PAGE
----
The turning point of the game for me came a little later than this batting onslaught. In fact, it came in the 40 minutes or so before tea on then third day when our bowlers - Dimi and Chris Tremlett were bowling in partnership - finally got on top of the Yorkshire batting.

Up to that point, the whole game had been going forward apace at a rate of roughly four an over. Though wickets had been falling, more runs were being scored than the favourable bowling conditions should have allowed. Both sides had bowled rather loosely, but at that crucial stage, Dimi and Chris tightened the screw, slowing the run rate and building pressure on the batsmen. Our aim was to put as many balls as possible in the right areas and allow the pitch to do the rest.

Sure enough, having stemmed the flow of runs, a couple of balls misbehaved and we were in amongst the Yorkshire batting. Dimi finished the match with his fifth wicket of the innings (his 25 for the summer make him the current highest wicket taker in the country) when Derek Kenway held on to a skier and the celebrations began.

But, though this was a memorable moment for all of the side, this great game can very quickly bite you on the backside - as we found out on Sunday. The fixture against Lancashire at Old Trafford in the totesport National League was always likely to be particularly tough one. We have a record against the Red Rose county that is almost as poor as against Yorkshire, and Lancashire's strong and balanced squad have enjoyed a start to the season that equals ours.

On the day we never turned up, being slow out of the blocks with both bat and the ball. The target of 190 that we set was always likely to be at least 40 short on a good deck, though an abject performance with the ball meant that it looked more like 100 short!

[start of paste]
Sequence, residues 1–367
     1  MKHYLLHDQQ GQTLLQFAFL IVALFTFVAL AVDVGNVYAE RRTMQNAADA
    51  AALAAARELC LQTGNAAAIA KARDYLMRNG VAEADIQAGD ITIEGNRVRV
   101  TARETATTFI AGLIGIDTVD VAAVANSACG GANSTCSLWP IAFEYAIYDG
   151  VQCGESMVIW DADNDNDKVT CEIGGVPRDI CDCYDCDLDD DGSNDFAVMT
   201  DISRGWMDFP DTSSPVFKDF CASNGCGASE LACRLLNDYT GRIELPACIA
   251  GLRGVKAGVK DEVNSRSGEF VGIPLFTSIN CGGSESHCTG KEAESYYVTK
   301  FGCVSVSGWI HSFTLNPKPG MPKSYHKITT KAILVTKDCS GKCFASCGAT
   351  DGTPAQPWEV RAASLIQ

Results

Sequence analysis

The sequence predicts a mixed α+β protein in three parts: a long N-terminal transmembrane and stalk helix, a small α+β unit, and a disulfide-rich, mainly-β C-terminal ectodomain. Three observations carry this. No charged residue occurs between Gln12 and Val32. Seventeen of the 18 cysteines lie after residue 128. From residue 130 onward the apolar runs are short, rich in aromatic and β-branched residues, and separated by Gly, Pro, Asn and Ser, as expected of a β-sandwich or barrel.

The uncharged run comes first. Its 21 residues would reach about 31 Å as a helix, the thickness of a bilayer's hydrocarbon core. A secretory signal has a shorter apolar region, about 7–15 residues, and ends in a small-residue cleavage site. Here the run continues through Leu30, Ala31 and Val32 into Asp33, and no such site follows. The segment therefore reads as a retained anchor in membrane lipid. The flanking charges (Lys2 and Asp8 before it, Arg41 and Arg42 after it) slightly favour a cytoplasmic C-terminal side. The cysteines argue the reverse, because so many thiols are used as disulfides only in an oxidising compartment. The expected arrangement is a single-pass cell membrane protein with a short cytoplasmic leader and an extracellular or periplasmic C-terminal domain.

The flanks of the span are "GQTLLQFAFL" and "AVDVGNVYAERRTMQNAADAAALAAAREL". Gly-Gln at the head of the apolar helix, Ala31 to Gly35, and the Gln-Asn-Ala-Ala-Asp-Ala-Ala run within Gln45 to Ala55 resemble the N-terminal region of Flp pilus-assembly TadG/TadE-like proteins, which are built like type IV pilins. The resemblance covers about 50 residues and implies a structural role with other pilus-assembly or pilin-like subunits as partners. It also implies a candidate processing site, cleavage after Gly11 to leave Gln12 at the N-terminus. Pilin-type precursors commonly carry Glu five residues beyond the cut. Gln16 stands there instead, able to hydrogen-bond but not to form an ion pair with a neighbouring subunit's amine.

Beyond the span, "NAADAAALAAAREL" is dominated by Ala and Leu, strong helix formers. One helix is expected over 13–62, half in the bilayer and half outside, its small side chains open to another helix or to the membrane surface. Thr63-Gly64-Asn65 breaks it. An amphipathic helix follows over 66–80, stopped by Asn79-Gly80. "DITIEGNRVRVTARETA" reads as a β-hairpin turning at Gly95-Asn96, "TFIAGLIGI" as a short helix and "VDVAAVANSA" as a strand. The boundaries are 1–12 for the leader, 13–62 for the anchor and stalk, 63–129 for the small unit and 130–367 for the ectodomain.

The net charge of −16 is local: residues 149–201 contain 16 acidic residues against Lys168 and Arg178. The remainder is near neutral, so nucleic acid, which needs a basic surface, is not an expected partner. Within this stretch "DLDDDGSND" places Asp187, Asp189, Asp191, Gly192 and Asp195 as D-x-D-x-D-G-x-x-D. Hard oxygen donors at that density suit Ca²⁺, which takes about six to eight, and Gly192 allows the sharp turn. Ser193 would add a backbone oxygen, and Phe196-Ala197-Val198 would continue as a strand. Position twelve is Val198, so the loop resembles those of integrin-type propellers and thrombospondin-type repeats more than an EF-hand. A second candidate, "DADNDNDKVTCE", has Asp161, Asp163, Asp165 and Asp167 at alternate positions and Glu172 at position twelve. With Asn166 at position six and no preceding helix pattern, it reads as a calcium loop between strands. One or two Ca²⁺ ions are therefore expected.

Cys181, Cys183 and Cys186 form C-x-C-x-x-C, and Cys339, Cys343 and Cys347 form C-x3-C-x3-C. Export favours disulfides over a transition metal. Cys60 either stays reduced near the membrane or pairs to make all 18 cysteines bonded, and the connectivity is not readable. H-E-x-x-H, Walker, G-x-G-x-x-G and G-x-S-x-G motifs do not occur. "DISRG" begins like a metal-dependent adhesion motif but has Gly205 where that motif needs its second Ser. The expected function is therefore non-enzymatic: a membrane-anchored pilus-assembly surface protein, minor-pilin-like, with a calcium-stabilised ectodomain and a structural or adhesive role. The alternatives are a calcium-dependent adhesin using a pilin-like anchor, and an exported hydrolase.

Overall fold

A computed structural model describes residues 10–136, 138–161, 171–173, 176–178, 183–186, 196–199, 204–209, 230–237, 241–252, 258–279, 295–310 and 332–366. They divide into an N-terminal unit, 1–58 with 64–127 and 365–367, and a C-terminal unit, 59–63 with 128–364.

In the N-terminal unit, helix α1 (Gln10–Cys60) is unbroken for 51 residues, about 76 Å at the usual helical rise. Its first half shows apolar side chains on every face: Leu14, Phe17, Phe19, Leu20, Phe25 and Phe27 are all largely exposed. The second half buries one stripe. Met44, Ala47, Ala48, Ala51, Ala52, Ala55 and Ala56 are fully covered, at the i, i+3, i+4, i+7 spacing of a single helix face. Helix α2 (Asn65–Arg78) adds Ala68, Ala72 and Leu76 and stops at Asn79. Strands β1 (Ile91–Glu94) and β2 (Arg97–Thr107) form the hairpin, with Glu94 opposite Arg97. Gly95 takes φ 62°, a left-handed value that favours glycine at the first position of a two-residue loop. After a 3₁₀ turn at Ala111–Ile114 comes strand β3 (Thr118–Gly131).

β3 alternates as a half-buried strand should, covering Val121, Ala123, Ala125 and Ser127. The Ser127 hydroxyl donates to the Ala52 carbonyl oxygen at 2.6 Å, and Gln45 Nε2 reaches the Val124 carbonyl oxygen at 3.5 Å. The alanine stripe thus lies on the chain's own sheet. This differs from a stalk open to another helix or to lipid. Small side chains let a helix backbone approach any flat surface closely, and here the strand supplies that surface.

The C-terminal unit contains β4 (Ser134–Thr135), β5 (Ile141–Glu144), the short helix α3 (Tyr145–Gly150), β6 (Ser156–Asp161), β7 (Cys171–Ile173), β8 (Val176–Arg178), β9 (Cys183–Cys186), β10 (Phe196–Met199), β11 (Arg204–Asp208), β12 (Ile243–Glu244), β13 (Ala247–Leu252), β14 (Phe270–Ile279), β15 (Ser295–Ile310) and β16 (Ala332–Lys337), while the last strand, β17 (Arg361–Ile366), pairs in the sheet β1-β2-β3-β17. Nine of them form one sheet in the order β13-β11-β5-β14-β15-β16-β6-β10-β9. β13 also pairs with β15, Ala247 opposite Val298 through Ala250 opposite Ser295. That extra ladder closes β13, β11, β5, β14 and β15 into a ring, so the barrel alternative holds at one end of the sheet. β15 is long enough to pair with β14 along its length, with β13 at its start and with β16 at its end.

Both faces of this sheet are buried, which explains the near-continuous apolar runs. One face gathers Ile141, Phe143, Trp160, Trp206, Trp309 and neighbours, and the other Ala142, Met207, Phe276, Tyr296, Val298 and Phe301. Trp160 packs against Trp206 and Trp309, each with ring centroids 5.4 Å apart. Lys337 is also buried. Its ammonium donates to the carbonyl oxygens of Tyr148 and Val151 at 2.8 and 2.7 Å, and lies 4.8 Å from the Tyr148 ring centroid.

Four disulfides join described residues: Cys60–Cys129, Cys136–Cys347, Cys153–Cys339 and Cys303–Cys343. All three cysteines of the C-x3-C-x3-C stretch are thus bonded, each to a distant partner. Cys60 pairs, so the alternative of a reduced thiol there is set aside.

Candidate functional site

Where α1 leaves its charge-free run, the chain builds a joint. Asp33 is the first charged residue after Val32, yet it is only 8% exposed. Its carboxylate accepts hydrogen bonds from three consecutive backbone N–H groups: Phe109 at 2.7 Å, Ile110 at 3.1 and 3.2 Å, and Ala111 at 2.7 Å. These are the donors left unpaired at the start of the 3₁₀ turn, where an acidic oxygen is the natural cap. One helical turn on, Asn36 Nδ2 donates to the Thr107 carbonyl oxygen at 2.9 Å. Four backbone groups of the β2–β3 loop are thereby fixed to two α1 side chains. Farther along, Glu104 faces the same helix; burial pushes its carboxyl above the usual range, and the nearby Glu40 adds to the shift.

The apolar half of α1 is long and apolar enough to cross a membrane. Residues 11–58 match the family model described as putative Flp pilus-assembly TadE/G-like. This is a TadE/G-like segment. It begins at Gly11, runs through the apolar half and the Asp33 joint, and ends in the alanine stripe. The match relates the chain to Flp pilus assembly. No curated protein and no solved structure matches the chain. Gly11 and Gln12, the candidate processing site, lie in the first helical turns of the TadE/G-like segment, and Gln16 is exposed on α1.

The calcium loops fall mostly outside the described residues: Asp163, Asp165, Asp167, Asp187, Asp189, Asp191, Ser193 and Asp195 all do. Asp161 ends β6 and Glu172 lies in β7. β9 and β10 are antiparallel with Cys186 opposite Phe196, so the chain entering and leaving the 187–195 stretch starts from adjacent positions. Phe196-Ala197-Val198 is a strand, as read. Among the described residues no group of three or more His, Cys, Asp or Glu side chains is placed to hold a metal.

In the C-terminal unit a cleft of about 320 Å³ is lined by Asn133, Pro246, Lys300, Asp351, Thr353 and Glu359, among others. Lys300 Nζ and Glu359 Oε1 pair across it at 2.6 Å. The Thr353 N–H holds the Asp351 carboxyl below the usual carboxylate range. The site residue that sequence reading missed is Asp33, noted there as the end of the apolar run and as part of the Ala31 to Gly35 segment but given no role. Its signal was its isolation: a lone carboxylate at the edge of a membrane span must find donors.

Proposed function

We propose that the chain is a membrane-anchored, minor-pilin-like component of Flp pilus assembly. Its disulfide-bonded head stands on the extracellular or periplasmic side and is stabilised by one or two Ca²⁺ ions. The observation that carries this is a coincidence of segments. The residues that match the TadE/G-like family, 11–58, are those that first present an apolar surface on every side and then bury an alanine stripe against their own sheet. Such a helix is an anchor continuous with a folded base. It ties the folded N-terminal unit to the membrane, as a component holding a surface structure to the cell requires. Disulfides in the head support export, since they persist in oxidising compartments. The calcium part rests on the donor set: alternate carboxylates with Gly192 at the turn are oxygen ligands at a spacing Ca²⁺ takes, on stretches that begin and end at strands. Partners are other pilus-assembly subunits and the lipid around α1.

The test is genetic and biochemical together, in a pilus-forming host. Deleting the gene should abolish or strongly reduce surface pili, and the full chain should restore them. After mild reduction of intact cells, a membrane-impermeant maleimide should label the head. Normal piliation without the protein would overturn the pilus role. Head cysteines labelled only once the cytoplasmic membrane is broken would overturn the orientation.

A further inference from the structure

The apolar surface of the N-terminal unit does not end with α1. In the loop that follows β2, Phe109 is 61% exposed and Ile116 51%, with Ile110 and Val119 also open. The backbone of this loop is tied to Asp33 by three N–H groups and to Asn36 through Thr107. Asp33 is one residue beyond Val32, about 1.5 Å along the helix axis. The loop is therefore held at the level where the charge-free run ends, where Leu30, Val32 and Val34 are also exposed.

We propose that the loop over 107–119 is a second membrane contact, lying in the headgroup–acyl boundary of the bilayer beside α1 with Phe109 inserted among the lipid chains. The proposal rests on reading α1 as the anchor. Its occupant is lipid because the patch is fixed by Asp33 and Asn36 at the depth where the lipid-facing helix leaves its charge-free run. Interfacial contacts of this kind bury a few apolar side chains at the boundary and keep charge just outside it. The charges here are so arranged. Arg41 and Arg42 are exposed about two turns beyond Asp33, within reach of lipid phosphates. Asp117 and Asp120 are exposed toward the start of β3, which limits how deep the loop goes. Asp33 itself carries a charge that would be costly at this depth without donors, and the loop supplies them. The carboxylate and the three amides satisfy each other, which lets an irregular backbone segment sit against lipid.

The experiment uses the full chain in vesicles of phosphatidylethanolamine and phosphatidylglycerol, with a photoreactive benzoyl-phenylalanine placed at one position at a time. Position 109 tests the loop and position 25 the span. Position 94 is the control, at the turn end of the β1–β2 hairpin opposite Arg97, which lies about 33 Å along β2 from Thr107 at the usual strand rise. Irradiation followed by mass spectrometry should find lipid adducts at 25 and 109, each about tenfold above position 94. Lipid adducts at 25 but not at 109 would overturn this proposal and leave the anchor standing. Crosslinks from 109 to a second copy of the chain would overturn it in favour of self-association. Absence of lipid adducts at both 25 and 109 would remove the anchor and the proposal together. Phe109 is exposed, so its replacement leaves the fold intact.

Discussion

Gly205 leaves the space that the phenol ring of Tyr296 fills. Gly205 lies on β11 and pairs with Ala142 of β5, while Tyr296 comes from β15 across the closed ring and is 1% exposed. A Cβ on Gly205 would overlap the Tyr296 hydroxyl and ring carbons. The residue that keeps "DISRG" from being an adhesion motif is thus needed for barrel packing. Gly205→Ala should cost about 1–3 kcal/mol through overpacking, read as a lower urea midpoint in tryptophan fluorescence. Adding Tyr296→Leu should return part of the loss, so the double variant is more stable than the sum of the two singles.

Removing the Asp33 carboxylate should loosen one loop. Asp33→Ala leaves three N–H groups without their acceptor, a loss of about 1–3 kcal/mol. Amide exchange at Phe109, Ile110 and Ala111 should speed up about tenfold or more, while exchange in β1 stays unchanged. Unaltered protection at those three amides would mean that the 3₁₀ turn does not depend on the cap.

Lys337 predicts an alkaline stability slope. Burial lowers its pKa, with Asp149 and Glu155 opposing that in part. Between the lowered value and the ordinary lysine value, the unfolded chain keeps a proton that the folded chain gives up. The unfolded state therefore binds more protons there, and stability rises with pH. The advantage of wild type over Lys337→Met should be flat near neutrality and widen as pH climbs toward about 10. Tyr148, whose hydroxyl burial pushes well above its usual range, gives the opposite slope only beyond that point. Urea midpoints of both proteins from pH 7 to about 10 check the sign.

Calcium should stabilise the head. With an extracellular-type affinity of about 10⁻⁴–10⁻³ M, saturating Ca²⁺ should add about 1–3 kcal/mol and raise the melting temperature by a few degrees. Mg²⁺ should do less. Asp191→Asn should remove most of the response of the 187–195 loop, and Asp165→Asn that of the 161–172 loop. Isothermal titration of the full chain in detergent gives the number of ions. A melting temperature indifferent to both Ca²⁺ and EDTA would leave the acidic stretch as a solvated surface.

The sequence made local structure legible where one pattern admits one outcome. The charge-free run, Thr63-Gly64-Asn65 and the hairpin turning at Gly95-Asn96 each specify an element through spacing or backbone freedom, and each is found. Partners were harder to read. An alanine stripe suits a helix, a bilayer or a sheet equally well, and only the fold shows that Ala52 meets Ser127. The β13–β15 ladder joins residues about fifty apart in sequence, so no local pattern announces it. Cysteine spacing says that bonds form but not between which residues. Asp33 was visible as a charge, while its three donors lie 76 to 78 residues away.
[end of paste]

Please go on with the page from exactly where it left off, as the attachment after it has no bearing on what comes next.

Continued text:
Warne to return earlier than planned?

Our next couple of games are both one-dayers at Bristol, firstly in the National League this Sunday and then in the Cheltenham and Gloucester Trophy next Saturday (29th). We will have to rectify our mistakes of last weekend quickly or face being exposed by arguably the best one-day side in the country.

There is still a possibility that Shane Warne might be with us for both fixtures, pending the outcome of the current discussions between the ICC and the Zimbabwe cricket Union over the latter's on-going row with 15 white Zimbabwean cricketers.

If these players are not brought back into the fold, the likelihood is that the status of the two upcoming Tests between Zimbabwe and Australia will be downgraded, in which case the matches would be cancelled.

This might mean that we regain our skipper sooner than thought, but we would probably lose the services of Michael Clarke and Shane Watson, who made a whole-hearted debut for us in Manchester, as the one-day series between the two countries might be brought forward.

The situation is completely out of our control, but whatever happens we know that if the rest of us can repeat the form shown up to and including Headingley, we have every chance of upsetting Gloucestershire and showing everyone that our start to this term is no flash in the pan.